|Londoner v. City and County of Denver|
|Argued March 6, 9, 1908|
Decided June 1, 1908
|Full case name||Wolfe Londoner and Dennis Sheedy, Plaintiffs in Error v. City and County of Denver, as Successor to the City of Denver, et al.'|
|Citations||210 U.S. 373 (more)|
|Prior||Error to the Supreme Court of the State of Colorado|
|Where the legislature of a state, instead of fixing a tax, commits to some subordinate body the duty of determining whether, in what amount, and upon whom it shall be levied, and of making its assessment and apportionment, due process of law requires that, at some stage of the proceedings, before the tax becomes irrevocably fixed, the taxpayer shall have an opportunity to be heard, of which he must have notice.|
|Majority||Moody, joined by Harlan, Brewer, White, Peckham, McKenna, Day|
|U.S. Const. amend. XIV|
Londoner v. City and County of Denver, 210 U.S. 373 (1908), is a case in which the United States Supreme Court held that Due Process rights under the U.S. Constitution attach to administrative agency hearings that involve adjudication, but not to those that involve legislation.
Due Process protections attach to government agency activities that are adjudicative in nature, but not to activities that are legislative in nature.
Facts and procedural posture
The provisions of the Denver (Defendant) city charter confer upon the city the power to make local improvements and to assess the cost upon property specially benefited. Londoner (Plaintiff) was provided with notice of the assessment, but there was no opportunity for a hearing, the notice only fixed a deadline for the filing of complaints and objection. Londoner brought suit against the city challenging the assessment of a tax for the cost of paving the street abutting his property on the grounds that he was denied due process of law.
Where a tax is to be assessed upon property owners, do those affected by the tax have the right to argue their side and support their allegations by proof?
The Due Process protections of the 14th Amendment of the U.S. Constitution require a hearing and opportunity to be heard whenever the government wishes to violate a citizen's life, liberty, or property. Due Process rights attach to governmental activities that are adjudicative in nature, but not to activities that are legislative in nature. In the context of taxation, a legislative body has the power to tax without affording citizens due process protections. However, when the decision to tax particular individuals is made by a non-legislative body based on the individual facts and circumstances of a particular case, the decision becomes adjudicative in nature, and due process protections attach. These due process protections do not require a full trial, but the mere opportunity to file a written statement is insufficient. Due process in this context requires at least an opportunity to be heard in person and present evidence. No such opportunity was given. Therefore, the action violated Due Process, and the liens were void.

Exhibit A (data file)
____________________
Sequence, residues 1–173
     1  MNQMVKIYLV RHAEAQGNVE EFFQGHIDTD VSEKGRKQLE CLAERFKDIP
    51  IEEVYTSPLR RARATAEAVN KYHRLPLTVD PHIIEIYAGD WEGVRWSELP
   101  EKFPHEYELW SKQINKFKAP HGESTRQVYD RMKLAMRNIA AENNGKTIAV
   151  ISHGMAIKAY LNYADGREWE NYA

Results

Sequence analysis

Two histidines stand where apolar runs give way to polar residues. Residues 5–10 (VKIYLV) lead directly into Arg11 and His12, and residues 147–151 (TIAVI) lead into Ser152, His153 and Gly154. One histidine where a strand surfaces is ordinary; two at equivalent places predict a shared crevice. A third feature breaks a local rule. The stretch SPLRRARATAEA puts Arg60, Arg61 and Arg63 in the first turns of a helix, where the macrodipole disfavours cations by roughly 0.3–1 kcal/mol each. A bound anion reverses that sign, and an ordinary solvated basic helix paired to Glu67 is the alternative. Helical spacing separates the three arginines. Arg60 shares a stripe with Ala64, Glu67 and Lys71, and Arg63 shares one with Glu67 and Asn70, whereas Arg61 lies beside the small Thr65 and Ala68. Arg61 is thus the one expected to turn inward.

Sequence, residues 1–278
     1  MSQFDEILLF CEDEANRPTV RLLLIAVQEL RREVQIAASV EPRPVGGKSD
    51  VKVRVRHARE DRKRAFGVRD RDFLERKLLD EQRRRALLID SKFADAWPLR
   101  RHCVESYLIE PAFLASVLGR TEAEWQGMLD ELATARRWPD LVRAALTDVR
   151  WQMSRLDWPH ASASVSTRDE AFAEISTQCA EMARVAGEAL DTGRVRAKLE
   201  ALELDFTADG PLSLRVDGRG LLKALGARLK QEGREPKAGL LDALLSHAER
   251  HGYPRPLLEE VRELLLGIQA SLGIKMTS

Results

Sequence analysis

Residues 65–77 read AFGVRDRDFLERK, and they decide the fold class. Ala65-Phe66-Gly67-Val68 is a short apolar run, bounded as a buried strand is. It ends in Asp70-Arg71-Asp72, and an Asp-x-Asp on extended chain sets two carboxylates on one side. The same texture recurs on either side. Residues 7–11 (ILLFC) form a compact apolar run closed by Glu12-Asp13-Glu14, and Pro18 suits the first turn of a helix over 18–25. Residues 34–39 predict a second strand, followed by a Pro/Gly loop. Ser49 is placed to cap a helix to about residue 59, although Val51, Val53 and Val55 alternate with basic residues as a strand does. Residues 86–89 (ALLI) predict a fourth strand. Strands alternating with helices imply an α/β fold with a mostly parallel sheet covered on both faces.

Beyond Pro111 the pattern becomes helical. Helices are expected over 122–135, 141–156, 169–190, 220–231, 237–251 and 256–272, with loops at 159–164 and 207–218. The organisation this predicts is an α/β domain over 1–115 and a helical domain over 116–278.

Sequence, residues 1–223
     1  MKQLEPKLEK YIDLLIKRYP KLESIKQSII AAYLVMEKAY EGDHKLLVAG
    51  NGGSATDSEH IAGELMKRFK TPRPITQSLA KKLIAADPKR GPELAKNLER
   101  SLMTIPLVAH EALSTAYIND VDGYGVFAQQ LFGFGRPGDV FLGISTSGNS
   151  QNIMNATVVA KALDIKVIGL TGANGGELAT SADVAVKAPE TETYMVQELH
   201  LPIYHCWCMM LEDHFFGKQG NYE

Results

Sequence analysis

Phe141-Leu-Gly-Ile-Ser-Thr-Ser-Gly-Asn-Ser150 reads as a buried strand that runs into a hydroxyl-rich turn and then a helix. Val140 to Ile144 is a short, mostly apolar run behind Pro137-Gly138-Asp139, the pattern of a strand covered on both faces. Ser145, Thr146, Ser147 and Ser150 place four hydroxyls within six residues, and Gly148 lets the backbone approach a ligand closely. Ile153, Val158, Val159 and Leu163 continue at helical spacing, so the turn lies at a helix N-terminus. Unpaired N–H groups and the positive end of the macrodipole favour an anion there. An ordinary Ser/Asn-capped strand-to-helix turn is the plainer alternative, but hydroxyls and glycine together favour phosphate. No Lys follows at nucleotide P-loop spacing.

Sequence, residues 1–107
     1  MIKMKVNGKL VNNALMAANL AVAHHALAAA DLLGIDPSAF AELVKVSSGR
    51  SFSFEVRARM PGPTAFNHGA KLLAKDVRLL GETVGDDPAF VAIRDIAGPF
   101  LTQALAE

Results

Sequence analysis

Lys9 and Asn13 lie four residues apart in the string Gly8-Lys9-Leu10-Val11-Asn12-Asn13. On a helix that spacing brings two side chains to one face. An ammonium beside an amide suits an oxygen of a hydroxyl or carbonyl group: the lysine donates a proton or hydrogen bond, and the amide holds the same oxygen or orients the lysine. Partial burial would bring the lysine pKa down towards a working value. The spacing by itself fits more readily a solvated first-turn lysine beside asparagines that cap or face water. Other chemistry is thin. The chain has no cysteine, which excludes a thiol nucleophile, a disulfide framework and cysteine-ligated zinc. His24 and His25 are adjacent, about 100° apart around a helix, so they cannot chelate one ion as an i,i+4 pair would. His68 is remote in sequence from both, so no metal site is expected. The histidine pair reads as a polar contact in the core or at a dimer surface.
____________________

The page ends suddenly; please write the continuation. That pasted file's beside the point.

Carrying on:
This case is one of the earliest to establish when an agency rulemaking process must submit to adjudication. While administrative agencies have wide discretion within the rulemaking context, there are many instances in which adjudication is required. Where complaints are particularized and specific facts are at issue, adjudication is preferable since it is within a judge's expertise to resolve matters involving personal rights. Whereas, when there is a general grievance bearing on future policies, rulemaking is preferable because the expertise and familiarity of an agency within its field helps to inform them on such decisions.
Here, the law of Colorado denied landowners post-deprivation hearings, the right to be heard after an assessment of taxes had been made. Thus, the right to a pre-deprivation hearing, allowing landowners to be heard prior to the assessment of taxes, was the only way in which the landowners could challenge the Government's actions depriving them of property.